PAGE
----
When officials at the Roslyn Rescue Fire Company began planning for the start of an ambulance service in the early part of 1991, an important financial challenge was before them. An ambulance and the requisite lifesaving equipment were not in the annual budget of the all-volunteer fire company.
Roslyn Rescue's newest EMS Responder Unit 569 (foreground) pictured in front of its older sibling, a 2004 model. The new unit, a 2008 Chevrolet Tahoe, will be based out of Station 3, on Locust Street in Greenvale.
"We searched the used equipment dealers and found a used ambulance and cardiac monitor/defibrillator, and were fortunate to have a neighboring fire department donate some old supplies," recalled ex-Captain Frank Califano, a former commanding officer of the fire company's emergency medical service, who worked on the committee to form the service more than 15 years ago. "We wanted the community to have a fire department-based EMS program to supplement the ambulance service being provided by the Nassau County Police Department and we already had the trained personnel - we just needed the ambulance and equipment," he added.
Today, that fledgling service has grown in all directions. In the last decade, EMS personnel from Roslyn Rescue have combined forces with their firefighting partners at the Roslyn Highlands Fire Company, and personnel from both groups now man two advanced life support ambulances and four first responder units, known in fire service parlance as "fly cars" because they ferry paramedics and EMT's to the scene of medical emergencies and typically arrive in advance of the ambulance to begin provided care. Responses are up considerably since 1991, as the strain on the 911 EMS system has intensified, according to Capt. Jon Sendach, a department spokesperson.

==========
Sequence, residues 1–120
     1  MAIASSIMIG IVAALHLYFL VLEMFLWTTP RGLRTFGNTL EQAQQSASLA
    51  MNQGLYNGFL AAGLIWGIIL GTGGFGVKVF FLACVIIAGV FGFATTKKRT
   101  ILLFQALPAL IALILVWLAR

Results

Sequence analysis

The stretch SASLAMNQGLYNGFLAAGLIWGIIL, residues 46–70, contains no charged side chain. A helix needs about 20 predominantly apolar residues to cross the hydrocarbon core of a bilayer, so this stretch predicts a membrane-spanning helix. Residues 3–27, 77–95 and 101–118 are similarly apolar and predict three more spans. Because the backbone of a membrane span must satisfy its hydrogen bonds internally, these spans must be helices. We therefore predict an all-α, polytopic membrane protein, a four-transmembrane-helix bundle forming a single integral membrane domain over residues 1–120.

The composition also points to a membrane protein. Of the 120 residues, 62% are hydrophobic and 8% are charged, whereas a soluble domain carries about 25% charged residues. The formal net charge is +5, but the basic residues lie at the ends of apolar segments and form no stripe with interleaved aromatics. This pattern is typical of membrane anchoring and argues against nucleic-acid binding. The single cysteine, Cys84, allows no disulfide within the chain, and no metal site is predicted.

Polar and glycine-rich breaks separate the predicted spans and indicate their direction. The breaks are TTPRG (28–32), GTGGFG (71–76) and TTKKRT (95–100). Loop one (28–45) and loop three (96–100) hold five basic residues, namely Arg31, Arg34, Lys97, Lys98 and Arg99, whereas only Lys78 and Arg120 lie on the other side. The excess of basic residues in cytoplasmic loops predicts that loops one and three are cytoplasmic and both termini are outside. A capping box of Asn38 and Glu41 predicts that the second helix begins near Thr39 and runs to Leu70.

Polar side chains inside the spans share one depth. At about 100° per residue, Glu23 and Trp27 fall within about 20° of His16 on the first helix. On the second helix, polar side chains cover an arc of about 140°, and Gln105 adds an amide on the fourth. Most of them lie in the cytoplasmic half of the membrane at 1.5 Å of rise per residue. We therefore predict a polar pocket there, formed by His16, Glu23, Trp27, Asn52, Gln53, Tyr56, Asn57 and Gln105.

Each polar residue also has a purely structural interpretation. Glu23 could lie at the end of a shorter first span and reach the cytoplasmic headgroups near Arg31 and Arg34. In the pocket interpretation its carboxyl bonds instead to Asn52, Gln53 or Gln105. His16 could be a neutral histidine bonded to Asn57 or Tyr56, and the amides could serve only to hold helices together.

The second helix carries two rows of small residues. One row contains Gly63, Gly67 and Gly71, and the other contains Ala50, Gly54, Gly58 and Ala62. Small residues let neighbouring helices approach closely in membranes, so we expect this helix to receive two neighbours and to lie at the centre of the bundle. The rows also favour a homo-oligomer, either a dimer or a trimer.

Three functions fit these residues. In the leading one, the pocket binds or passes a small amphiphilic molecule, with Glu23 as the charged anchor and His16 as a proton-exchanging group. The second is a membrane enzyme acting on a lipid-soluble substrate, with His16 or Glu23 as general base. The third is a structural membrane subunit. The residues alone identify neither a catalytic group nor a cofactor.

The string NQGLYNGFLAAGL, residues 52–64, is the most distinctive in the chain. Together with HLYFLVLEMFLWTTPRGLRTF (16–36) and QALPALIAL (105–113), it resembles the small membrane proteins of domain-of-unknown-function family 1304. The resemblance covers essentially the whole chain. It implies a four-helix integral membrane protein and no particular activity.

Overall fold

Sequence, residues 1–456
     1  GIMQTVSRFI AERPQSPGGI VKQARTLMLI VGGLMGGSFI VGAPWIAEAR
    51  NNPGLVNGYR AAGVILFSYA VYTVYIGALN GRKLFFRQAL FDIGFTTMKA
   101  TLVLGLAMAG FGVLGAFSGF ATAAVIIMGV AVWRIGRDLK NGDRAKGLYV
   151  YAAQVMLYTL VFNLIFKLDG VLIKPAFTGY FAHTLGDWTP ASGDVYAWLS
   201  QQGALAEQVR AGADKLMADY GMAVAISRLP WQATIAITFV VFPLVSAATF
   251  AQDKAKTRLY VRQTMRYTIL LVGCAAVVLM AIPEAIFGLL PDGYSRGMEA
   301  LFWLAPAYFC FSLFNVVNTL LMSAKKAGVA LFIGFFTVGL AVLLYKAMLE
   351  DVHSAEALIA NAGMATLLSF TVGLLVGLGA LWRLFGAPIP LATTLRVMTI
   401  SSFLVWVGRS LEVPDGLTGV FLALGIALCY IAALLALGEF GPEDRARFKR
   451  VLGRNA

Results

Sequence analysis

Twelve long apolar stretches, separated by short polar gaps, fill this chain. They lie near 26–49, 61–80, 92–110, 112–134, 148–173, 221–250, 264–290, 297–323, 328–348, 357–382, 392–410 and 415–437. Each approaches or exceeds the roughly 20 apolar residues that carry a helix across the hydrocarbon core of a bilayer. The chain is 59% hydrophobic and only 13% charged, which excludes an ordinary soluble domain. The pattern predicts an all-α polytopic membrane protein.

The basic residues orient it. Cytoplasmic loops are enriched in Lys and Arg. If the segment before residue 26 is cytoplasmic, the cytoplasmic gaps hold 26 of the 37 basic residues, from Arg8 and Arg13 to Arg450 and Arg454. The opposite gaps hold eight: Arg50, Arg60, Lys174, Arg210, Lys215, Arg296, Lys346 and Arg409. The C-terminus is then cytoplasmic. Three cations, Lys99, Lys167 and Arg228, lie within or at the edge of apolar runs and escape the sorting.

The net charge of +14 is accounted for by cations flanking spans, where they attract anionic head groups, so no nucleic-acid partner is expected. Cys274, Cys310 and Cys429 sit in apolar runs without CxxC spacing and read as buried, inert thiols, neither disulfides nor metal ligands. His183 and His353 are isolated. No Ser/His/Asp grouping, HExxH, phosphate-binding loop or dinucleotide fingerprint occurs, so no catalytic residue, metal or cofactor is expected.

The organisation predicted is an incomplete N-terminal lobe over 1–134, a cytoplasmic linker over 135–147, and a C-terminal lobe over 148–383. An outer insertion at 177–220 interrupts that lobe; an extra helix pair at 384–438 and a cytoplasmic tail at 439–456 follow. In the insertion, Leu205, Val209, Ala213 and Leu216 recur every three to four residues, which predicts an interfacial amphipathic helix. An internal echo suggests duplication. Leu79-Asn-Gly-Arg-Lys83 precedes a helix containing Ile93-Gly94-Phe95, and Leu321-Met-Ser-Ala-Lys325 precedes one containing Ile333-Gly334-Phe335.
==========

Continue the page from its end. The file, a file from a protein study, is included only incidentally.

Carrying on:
While much has changed, the need for capital equipment and the challenges of funding it remain a constant concern for fire company administrators. Thanks to generous support from the Alvin and Dorothy Schwartz Foundation, Roslyn EMS last month took delivery of three new cardiac monitors/defibrillators, and 15 new automated external defibrillators (AED's), as well as a 2008 Chevrolet Tahoe equipped as a first responder unit.
The Alvin and Dorothy Schwartz Foundation has been a longtime benefactor of Roslyn Rescue and was formed by the parents of former Roslyn Rescue emergency medical technician, Jane Stein. An earlier donation by the foundation in 2004 helped fund a replacement ambulance and cardiac monitor, and in recognition of her ongoing support to Roslyn Rescue, the department bestowed on Mrs. Stein the rank of honorary EMS chief at a dedication ceremony for the new ambulance that spring.
"This equipment is extremely advanced and will allow our paramedics and EMT's to provide the highest level of emergency care to the public," said Roslyn Rescue EMS Capt. Adam Levy, a career paramedic who currently heads the department's emergency medical service, following a recent in-service training on the new equipment. Capt. Levy pointed out that this equipment replaces cardiac monitors and defibrillators on fire trucks and ambulances, as well as other department vehicles, that were about seven years old, and that the department researched and secured favorable trade-in values on the old equipment.
The new responder unit received a warm welcome as well.
"From an operational and logistics perspective, we rely heavily on the responder units to cover a large response area," explained Lt. Sam Williams, an EMS supervisor who headed the group that specified and designed the new responder unit. "The new truck replaces one that was over 10 years old and was really getting tired," he added. The Roslyn Fire Protection District includes coverage of parts of 10 municipalities, and is among the largest such territories in Nassau County in terms of square miles covered.
Following a recent training on the new equipment with firefighters and EMS personnel, an elated Capt. Levy simply grinned. "I am really impressed with the kind of technology we are putting in the hands of our emergency responders, and we couldn't be more grateful to the Alvin and Dorothy Schwartz Foundation," he said.